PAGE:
DAVIS: Those of us in the horn section began estimating how long we would be shut down. None of us guessed a date beyond April 28, 2020.

In the days following the Broadway shutdown, numerous company members realized they had COVID. Some had mild symptoms; many were quite sick. At least two were hospitalized, but all of the company members recovered.

JUSTIN LEVINE (musical supervisor/orchestrator): Two or three days after everything closed, I got sick. I had a high fever and aches, but the biggest symptom was complete exhaustion. I was winded by walking to the bathroom.

TVEIT: I was sleeping 13 hours a night, was very lethargic, and I felt like I had chlorine up my nose for two weeks. It was bad, but I was one of the lucky ones because it didn’t go into my chest or lungs.

MICHELE GUTIERREZ (electrician): I was roasting some dried chiles on a comal when my daughter complained that the smell was burning her nose. Since I have a nose like a bloodhound, I was confused. I reached under the counter and sniffed the ammonia. It was as if a switch had been turned off. I had zero smell or taste for four weeks.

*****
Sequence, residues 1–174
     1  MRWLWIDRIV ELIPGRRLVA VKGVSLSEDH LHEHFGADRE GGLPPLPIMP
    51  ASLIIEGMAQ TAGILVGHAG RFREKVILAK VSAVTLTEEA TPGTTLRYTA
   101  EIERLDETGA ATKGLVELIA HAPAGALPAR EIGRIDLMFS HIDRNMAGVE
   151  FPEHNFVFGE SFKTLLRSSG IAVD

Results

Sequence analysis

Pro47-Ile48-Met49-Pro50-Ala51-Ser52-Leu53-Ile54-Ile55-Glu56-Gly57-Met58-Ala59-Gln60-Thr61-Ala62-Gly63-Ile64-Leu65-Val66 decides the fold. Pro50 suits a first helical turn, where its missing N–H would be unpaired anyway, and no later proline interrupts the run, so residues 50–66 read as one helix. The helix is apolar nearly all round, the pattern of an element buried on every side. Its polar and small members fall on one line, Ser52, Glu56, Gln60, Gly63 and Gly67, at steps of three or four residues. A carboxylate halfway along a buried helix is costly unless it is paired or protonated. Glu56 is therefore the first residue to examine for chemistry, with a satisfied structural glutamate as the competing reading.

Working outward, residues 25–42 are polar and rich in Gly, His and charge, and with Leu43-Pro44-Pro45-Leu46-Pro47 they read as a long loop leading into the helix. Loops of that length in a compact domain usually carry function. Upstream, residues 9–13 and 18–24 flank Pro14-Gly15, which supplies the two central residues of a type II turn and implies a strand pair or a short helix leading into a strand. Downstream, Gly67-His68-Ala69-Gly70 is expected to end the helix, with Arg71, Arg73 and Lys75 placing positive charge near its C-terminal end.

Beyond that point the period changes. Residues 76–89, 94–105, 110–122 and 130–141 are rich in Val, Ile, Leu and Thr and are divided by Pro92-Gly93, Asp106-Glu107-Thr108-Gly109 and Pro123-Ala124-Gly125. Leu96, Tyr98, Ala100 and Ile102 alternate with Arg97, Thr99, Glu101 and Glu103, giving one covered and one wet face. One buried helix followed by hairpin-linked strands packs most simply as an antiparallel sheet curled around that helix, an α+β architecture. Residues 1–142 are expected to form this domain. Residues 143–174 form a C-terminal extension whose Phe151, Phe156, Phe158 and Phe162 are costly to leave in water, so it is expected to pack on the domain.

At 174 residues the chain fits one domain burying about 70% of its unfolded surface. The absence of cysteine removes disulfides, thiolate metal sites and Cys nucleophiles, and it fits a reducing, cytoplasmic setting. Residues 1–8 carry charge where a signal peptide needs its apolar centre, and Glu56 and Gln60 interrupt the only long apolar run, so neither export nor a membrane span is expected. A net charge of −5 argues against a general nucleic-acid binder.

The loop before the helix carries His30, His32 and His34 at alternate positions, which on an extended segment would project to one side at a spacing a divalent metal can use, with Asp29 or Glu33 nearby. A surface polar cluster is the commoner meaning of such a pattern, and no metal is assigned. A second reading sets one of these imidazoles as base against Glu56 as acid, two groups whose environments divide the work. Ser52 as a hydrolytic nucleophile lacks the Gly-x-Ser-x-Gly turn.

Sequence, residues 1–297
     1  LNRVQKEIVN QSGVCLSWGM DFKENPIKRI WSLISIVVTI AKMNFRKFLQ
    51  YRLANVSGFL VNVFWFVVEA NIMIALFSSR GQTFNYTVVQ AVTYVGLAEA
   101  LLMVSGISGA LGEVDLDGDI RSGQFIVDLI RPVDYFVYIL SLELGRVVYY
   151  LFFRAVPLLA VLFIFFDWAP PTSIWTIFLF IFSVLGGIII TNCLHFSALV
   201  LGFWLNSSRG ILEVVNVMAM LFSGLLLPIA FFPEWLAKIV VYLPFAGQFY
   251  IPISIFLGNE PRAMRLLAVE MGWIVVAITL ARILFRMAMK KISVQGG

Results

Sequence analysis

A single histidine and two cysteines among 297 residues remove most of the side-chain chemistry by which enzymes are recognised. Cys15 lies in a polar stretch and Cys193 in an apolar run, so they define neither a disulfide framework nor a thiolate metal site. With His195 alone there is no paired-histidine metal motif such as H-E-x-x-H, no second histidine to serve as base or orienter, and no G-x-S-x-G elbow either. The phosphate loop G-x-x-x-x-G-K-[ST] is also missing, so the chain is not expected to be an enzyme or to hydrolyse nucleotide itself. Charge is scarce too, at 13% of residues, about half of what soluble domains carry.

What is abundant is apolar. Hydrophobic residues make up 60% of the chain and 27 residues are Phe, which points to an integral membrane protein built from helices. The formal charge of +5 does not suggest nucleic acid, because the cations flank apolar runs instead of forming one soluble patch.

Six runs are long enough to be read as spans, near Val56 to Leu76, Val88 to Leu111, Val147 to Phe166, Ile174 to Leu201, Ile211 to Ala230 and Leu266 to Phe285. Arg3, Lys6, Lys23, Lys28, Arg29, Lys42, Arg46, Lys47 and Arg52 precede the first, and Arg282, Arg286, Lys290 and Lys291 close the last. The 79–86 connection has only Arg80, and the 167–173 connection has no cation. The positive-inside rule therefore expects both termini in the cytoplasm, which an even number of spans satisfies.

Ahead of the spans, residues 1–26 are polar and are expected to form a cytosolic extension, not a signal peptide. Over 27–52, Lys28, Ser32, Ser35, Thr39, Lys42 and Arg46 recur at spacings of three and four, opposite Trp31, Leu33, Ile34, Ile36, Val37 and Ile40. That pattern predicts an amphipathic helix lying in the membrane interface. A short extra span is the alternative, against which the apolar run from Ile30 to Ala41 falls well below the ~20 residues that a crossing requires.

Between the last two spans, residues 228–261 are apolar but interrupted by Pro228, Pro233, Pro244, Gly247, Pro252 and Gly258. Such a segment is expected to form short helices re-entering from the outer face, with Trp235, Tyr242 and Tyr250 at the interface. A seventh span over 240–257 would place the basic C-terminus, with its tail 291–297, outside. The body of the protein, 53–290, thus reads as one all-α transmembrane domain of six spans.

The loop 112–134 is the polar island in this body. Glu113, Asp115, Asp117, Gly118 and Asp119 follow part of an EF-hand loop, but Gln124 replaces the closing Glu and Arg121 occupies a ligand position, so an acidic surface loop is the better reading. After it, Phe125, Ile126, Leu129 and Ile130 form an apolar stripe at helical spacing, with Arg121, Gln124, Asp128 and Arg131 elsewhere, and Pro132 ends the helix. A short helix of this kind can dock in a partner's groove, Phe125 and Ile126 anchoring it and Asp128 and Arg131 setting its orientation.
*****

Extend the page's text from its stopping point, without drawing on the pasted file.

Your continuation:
GARCIA-LEE: One night I was laying on the floor, struggling to breathe, with the lights really low, and I kept saying, “If in 10 minutes it’s as bad as it is now, I’ll call 911.” But I was scared to go to the emergency room. I was sick for six weeks.

BURSTEIN: I was in the shower, and I started coughing up blood, and I thought, “This is bad.” My son walked me over to the hospital. I was there six days, and one of the days in the middle was particularly difficult. I’d made peace with dying, because I felt myself going there. I couldn’t breathe. I asked everybody in my texting family to send me jokes because I felt the curtain closing, and I thought the only way I could combat it was with humor.